“It took Luke about three or four months. Maybe five. Did it with a single trailer from the isle.”

“It came out well,” Cathleen says proudly. 

“There’s no miniature donkey is there?” I ask. 

“He only comes out for photos and that,” says Cathleen. “It’d be cruel to have him out all the time.”

A slim lady in a dark suit pokes her head inside, to tell Etta she’s left the lights for her car on. We move back to the main pub as she darts out, and I sit down in front of Cathleen for another Guinness. 

“You did such a good job,” I keep repeating. “Have many of the actors come to see the pub?”  

Cathleen pours my stout again. “None. Not yet. I know one of them actually emailed. You know the funny guy that was on it?”

“Barry Keoghan?”

“Ah, not him. The fella that was working in the bar. He’d like to pop in.”

“He should,” I say.

“And of course there’s Taylor Swift,” says Cathleen, recalling the pop-star’s viral Tweets that promised she’d pay a visit. “Supposedly,” she smiles slyly. “She’s actually coming to Ireland in June, singing.”

“She must come,” I say.

“She might. I suppose there’d be queues down from here to God knows where.” Cathleen settles my pint down on the bar. “Collin Farrel! He’s the one I want to come. I don’t care much about the rest.”

I laugh, then sip. “This is a nice Guinness.”

Pat Igoe, Kathleen Mee and Luke Mee. Photo: Mike Shaughnessy

Cathleen moves on to the regulars, and I take in the sounds of an Irish pub: the gossip, the clinks of glass. There’s a warmth to Mee’s pub that comes from good memories soaked into the walls; the kind of pub that effortlessly beckons you to have another round. 

I sit back inside the Banshees pub when Etta returns, the two of us taking pictures like schoolchildren. 

An old lady in a blue jumper invites herself back into the Banshees pub, cigarette in hand. Her name is Grania, and her voice has the same lilt as Cathleen, one that rolls like the wild hills surrounding this small village: “Do you want a photograph of you taken from behind the bar?” she asks. Of course we do. 

Afterwards, we move to the astro-turfed garden to smoke. Grania tells me “she wasn’t being nosy now.” I laugh. “I was one of the people who helped paint it,” she explains proudly.

She chokes out her version of the story out between her smoke. “They bought it out in Ackle,” she says, pointing at the yellow walls, “and that was all covered up.” A church bell begins to ring behind us. “They got it during the pandemic so no one really knew what was happening. Aileen and myself and Cathleen and a few others, we let the men do all the work, and were doing all the painting. Then the seats. The benches. It was two weeks in June and that was our summer,” she explains. “ It was lovely. ”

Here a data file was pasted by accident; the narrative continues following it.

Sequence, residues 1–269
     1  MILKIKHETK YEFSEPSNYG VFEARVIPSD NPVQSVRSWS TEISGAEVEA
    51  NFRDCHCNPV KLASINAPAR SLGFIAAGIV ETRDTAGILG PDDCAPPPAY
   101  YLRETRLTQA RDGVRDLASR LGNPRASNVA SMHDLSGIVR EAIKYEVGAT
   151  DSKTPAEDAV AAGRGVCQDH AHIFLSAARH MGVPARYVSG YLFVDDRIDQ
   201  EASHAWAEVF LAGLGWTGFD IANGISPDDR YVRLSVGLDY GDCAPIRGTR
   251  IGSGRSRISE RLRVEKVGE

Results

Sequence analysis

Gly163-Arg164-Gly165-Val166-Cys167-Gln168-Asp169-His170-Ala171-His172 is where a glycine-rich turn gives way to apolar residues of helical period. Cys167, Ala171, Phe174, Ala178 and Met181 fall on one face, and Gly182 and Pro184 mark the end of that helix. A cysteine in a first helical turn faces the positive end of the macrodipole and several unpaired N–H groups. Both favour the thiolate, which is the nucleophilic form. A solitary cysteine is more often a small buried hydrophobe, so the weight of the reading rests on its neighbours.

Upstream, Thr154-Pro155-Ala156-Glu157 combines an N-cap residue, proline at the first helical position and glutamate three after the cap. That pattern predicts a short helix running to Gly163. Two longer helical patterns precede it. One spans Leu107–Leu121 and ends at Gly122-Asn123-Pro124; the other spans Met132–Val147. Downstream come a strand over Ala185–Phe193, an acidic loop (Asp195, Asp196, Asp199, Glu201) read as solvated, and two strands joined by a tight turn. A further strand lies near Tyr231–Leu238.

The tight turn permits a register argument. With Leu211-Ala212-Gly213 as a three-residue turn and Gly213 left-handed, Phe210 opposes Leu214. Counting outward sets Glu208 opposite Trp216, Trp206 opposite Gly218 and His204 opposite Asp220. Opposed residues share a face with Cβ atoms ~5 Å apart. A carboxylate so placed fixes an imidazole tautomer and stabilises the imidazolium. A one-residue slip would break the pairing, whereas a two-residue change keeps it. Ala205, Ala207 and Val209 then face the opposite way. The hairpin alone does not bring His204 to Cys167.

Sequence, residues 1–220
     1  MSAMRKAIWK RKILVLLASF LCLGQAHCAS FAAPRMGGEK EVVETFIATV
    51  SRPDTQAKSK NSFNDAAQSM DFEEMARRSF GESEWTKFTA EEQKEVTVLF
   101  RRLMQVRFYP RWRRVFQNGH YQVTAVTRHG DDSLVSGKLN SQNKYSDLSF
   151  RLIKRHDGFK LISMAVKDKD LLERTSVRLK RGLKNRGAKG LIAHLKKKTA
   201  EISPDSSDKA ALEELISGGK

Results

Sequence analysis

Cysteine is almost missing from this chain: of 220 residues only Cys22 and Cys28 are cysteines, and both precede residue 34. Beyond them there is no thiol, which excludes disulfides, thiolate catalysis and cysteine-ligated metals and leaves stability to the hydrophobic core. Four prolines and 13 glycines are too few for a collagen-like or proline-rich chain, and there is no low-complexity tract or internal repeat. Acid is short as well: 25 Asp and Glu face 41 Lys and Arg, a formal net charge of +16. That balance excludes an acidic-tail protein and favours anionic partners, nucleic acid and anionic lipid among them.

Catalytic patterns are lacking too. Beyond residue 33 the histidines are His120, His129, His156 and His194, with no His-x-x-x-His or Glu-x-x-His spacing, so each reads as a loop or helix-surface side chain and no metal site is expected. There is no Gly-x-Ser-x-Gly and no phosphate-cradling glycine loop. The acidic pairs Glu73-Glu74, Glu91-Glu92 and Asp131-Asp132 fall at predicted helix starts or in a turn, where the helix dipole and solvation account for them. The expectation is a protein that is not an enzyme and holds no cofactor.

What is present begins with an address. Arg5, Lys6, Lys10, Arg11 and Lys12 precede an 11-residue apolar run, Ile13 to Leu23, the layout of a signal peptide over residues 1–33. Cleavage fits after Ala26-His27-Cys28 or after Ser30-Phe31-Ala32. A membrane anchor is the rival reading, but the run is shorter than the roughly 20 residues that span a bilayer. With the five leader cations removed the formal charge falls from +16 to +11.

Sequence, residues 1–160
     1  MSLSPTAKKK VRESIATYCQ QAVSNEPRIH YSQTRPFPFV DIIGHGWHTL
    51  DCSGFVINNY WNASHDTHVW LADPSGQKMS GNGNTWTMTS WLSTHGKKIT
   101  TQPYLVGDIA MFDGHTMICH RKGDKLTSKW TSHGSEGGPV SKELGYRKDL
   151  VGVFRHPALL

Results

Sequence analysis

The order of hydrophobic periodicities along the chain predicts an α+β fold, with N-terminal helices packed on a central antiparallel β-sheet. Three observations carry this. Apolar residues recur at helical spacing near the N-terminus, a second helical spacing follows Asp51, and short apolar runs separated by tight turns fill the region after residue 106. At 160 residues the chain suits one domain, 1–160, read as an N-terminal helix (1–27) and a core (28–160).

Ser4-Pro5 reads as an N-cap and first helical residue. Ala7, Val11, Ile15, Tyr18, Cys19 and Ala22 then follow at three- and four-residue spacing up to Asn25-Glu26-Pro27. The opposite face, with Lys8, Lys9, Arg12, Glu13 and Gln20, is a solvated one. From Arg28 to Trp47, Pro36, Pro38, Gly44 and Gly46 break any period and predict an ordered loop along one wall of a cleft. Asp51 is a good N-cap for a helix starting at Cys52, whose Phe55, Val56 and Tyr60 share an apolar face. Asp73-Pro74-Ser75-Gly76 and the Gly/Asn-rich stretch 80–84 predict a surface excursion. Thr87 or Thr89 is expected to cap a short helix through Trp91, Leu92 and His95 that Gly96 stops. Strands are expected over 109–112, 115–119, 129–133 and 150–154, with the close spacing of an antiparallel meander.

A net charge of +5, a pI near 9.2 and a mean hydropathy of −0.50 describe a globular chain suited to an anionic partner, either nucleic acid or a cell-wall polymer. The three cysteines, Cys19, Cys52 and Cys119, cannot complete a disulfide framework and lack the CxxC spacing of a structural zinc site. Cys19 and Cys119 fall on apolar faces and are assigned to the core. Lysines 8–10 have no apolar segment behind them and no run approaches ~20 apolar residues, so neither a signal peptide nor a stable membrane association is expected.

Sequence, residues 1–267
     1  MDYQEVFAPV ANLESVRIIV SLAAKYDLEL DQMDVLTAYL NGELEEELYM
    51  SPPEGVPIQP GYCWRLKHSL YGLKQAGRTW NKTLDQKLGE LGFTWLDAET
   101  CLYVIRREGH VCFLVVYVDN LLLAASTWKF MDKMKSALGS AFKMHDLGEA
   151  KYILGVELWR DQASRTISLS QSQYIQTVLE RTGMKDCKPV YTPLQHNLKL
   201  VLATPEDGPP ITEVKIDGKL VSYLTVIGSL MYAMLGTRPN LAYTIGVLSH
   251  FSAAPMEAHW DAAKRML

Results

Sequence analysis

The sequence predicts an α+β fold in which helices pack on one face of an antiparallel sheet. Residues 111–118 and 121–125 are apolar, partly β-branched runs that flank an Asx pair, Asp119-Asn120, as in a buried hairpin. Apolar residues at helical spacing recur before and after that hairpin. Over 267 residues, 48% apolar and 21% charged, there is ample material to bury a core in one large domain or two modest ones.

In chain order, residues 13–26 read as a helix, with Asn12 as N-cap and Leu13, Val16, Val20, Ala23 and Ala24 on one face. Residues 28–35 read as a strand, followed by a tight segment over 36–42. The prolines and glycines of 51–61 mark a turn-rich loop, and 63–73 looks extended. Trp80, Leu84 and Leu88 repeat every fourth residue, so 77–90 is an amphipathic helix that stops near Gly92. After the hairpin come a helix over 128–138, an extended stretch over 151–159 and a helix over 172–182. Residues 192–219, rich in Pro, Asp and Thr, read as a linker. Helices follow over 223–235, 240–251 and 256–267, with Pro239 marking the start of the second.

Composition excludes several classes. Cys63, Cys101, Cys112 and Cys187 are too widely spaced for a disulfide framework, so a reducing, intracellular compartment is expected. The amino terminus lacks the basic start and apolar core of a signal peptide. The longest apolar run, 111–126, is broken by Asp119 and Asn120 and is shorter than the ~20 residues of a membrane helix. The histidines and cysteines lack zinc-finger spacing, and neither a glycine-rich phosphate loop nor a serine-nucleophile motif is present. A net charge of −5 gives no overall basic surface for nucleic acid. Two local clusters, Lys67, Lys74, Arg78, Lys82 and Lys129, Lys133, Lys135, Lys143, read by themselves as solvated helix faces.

Based on my phone call the next week, it doesn’t quite gel with Luke Mee’s (that’s the pub landlord) version of events. Luke was so secretive about the construction he tells me, he didn’t even inform Cathleen—ostensibly so “no one would tell lies to the customers.” I don’t know how long Cathleen, or the regulars, could have believed such an outrageous fib. 

But as Grania speaks to me, I realise that Aileen—the suited lady who had told Etta about her car—is now shimmying over. “We were down here from about ten, weren’t we Aileen?” Grania asks. “That was the best summer we ever had. We’ve never had any weather like that,” Aileen continues. “Oooh it’s a shit summer now,” Cathleen coos.

“We were testing the cocktails every evening back then,” says Aileen. “I’d bring down sausages every morning,” says Cathleen, “and it got so hot we’d have to have ice creams in the evening. And then when we finished—we had to have a pint, y’know,” she laughs. 

Whilst the renovated film set looks picture-perfect, they’re getting used to the guests. A girl from New York came down the other day, the smoking ladies tell me. Then there was a marriage across the road that ended with photographs in the pub. Even a christening recently. Aileen pulls out another cigarette. “We had a busload of Yanks come in today,” she says, slightly forlorn. 

While there could be favourites among the growing visitors to this small village, it doesn’t seem we’ve made a bad impression. So how did the owner get the idea in the first place? “Oh it was some genius,” Cathleen says. “His wife thought he was mental,” says Aileen, “his sister thought he was mental too.” 

Sam Murphy in JJ Devines. Photo courtesy Sam Murphy.